Dogs, cats and surveys
One day I won’t have to write client satisfaction surveys for people. I think working at a dog and cat shelter would be easier. ‘Are you satisfied with the service fido?’ ‘Woof.’ imagine how easy results collating would be… ‘of the canine cohort 97% agreed they were satisfied and the remaining 3% ate the survey form. In the feline cohort, 70% refused to participate, 20% were satisfied, 5% put a hairball on the form and 5% were hiding under the bed.’ But seriously for a moment, how much easier would survey writing be when expecting a bark or no bark response? Gone would be the discussion about Likert scales. If you used them, you’d most certainly opt for the 5 point agreement scale over a 7 or 9 point scale. You wouldn’t have a debate about ‘agree acquiesce’ because you know that a cat is not likely to acquiesce!
Writing surveys is not an easy task. Here’s a few things I’ve learn over the years.
• Before you start, is a survey what you really need?
• Keep it short!
• If you are asking numerous ‘free text response’ questions, ask yourself again whether a survey is the right tool!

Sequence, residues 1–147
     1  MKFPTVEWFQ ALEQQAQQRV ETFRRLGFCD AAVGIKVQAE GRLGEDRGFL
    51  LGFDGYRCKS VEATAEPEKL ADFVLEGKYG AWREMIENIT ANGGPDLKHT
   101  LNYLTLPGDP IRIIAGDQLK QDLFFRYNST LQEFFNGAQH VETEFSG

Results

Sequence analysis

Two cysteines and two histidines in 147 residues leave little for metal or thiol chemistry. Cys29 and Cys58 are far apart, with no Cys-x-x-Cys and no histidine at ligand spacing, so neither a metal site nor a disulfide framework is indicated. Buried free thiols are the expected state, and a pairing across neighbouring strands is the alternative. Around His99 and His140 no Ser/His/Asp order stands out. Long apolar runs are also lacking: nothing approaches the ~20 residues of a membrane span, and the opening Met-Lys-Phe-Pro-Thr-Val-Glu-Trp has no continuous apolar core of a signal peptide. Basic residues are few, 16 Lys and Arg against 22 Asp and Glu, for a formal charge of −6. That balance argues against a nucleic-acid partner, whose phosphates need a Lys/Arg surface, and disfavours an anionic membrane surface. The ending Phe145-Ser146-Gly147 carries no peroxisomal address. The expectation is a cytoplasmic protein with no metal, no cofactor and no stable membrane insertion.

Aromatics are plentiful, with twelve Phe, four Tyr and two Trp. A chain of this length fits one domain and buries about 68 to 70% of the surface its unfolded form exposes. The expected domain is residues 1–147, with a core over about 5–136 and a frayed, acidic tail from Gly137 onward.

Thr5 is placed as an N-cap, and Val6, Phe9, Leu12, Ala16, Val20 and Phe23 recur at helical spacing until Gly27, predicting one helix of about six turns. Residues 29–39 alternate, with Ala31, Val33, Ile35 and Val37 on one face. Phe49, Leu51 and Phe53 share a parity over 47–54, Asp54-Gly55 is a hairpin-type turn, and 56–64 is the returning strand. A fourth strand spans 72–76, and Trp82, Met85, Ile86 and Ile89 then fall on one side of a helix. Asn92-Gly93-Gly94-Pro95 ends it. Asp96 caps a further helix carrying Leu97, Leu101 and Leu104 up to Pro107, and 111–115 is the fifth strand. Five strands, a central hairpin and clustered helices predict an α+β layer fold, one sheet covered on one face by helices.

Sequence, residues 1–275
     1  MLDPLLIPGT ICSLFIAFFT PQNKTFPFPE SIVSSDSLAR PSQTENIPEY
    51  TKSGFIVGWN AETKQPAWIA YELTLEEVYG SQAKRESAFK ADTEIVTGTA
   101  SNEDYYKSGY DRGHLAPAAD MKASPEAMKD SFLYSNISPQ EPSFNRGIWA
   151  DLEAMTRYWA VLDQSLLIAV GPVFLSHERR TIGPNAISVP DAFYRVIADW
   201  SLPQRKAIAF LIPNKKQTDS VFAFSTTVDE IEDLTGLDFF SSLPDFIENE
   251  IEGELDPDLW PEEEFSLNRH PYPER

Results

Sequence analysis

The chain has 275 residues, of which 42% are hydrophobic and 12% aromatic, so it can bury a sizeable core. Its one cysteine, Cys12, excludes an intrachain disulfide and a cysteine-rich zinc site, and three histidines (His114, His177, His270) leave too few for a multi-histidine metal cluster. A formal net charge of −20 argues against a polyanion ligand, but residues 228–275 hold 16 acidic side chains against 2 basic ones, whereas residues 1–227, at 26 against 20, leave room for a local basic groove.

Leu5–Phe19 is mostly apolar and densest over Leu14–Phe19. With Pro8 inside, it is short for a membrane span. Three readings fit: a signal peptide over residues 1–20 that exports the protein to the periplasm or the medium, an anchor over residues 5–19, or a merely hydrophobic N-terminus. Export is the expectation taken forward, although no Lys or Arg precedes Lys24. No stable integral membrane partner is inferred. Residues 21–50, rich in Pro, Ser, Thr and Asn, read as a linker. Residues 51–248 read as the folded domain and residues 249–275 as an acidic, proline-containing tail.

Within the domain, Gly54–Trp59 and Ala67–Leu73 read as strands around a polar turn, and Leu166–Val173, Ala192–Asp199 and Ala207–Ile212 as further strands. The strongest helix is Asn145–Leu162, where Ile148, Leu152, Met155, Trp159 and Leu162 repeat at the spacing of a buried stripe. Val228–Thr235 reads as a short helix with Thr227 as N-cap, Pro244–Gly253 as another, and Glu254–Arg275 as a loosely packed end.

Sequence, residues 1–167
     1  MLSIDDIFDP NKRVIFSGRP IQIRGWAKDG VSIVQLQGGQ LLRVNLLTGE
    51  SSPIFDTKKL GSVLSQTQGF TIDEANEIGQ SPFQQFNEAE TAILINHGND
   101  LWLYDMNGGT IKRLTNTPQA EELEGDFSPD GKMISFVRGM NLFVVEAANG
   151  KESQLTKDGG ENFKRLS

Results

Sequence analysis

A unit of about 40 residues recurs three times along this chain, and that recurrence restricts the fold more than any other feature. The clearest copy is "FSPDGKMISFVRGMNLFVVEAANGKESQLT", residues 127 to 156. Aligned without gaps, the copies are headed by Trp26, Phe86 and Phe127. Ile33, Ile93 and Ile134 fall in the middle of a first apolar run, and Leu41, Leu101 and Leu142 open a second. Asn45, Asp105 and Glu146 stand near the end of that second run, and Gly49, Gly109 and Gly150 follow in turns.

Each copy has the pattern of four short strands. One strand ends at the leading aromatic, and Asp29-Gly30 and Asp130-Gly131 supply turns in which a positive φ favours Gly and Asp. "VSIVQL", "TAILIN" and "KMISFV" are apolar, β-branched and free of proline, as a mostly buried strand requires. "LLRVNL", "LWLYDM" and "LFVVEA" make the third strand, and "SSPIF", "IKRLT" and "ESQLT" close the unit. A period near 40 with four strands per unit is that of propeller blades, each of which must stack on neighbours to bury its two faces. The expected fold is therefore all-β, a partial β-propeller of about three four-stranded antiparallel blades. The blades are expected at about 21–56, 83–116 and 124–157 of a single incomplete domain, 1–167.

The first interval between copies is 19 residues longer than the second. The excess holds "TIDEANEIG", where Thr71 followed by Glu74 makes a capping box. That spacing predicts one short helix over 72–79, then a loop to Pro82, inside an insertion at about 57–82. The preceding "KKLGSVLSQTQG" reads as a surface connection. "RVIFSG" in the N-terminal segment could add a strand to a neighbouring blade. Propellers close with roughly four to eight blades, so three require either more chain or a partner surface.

• On your general satisfaction question always follow with a question like ‘why do you say that?’ Don’t just do this for those who are dissatisfied, include everyone. I recommend this to any not for profit because I’ve found people are grateful for the service and therefore hesitant to be negative. Ive found even those who are satisfied respond to an open question with what they love about the service and what they love a little less.
• when writing each question ask what you would do, if you had that data. If you respond, ‘it’s nice to know’, delete the question now!
• act on your survey responses. I’m surprised how often a not for profit will go to the effort to collect the data and then do nothing until next years survey comes around.
• tell clients the findings of the survey (yes, would seem a no brainer but evidently not…)
Lastly, if it gets all too hard, consult a cat like I did last night. She sat on the survey draft. It didn’t help with the writing, but it made me smile.